The advent of progressive rock has created a very interesting niche genre over the years. Much like classic rock itself, prog rock has evolved in ways which were unpredictable and somewhat even unexpected. Today we have many bands which label themselves as progressive, however only one has truly pushed that title to its very limit. Dream Theater wasn’t the band which invented progressive metal, but it sure is a band which has elevated it to where it is today.
Each member of this iconic band is an extremely talented and skilled musician. However, among equals, John Petrucci is one who stands out the most. His technique and ability to put together complex tonal structures put him in a category of guitarists where only the greatest reside. This man is a guitar genius of our age. There are essentially two components to what makes Petrucci so interesting. First, and most obvious one, is his skill. He is one of the rare guitar players to explore the limits of guitar technique without sounding clinical. The other factor is the gear he uses to achieve his tone.
John Petrucci Guitar Setup & Rig Rundown
Progressive metal on its own is highly dependent on finely tuned equipment. Once everything is plugged in and rolled off, the combined tone of the whole band just has to be clear enough to allow each detail of each instrument to push to the surface. Dream Theater’s ability to get this done, and even push the envelope in some ways while doing so, has been known for years. Creating music with such ‘limitations’ meant that Petrucci and the rest of Dream Theater required a specific level of skill and experience to dial everything in just right.
Today we’re going to take a look at what type of equipment John Petrucci uses, or has used, and how that reflects on his tone. As usual, we’ll start with guitars and then move one to accessories and other gear.
When it comes to guitars, there is really only one brand which Petrucci trusts to deliver the necessary performance, and that’s Music Man. So much so that John has developed a very healthy relationship with the company, which has later resulted in full-fledged cooperation.
One his signature models, which he uses extensively, is the Ernie Ball Music Man John Petrucci JP12. This guitar is basically the material incarnation of everything Petrucci wants and stands for.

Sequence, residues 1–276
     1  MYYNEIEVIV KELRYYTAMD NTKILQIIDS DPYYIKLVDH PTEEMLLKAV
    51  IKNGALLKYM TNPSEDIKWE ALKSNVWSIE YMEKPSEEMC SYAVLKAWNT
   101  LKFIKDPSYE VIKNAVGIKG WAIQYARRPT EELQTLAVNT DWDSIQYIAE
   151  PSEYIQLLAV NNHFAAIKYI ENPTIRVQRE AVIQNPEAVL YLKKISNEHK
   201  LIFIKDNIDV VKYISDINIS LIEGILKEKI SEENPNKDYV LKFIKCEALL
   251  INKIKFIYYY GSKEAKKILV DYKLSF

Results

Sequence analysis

There are also Ernie Ball Music Man JP11 series, which are a bit different from the JP12, but generally offer the similar type of experience.
Trying to frame Petrucci’s potential into a single guitar is simply impossible. That’s why he has a number of Music Man guitar series which either bear his name, or are a direct result of his ambitions.
Even though Music Man will always be the brand associated with Petrucci, he has also used a number of Ibanez guitars in the past.
Petrucci’s obsession and drive when it comes to building a perfect guitar, is surprisingly not present in his choice of amps. In this area, Petrucci follows that old adage which states that you should fix something that isn’t broken.
Ever since he first heard Mesa/Boogie amps, it was pretty much a done deal. On any given day, you will find him with two Mark IVs hooked to a set of Mesa/Boogie 4×12 cabs. These are of course loaded with Celestion vintage 30 speakers.
Here is John Petrucci talking about the JP-2C. Check it out!
This is his standard rig. With that said, he has been using Mark IIC+ heads in the past, as well as Mark Vs. Even so, you will rarely find an amp that isn’t a Mesa/Boogie in his inventory.
Most Used Effects Pedals
Due to the nature of progressive metal, Petrucci has been prone to using a whole variety of effects pedals. His pedalboard is not as busy as some, but it definitely isn’t simple. Some of the regulars which you can see on his board during any given performance are the Ibanez Keeley mod Tube Screamer TS9DX Flexi overdrive pedal, Boss DS-1 Distortion pedal, MXR Stereo Chorus, TC Electronic 1210 Spatial Expander/ Stereo Chorus/ Flanger and more.
With that said, Petrucci likes to use a whole variety of rack mounted effects and processors. Standalone pedals are great to an extent, but the level of sonic work Petrucci is doing requires something a bit more flexible and powerful. For example, instead of using a standard reverb pedal, Petrucci will have his T.C. Electronics M3000 hooked up on the rack. There’s also a whole lot of preamps and other rack mounted units present during every one of his stage performances.
As a side note, John was one of the first guitar players to really popularize the use of Dunlop’s Jazz III picks. Before he came along, these were used mostly by musicians looking for that heavy attack. These days, Dunlop Jazz III is more or less the quintessential metal pick.
What makes Dream Theater so special is the fact that every single band member is on the very edge of their instrument’s skill range. That isn’t all that surprising once you learn about all of their backgrounds. Petrucci stood out in this elite company due to his ability to convey emotion through technically sound guitar sections. He can blow your mind with his speed and complexity, but at the same time tell a story with his music.
As cliche as that sounds, finding a guitar player capable of performing at such a level is pretty rare. If you are trying to figure out how to get that Dream Theater sound for yourself, we can only recommend that you find yourself a Music Man guitar, or at least Petrucci’s set of pickups. Everything else can be reproduced with more or less standard equipment. Well, that applies if we disregard the obvious Mesa/Boogie requirement. In all honest, Petrucci is the Hendrix of our times, and is already taking on that type of reputation.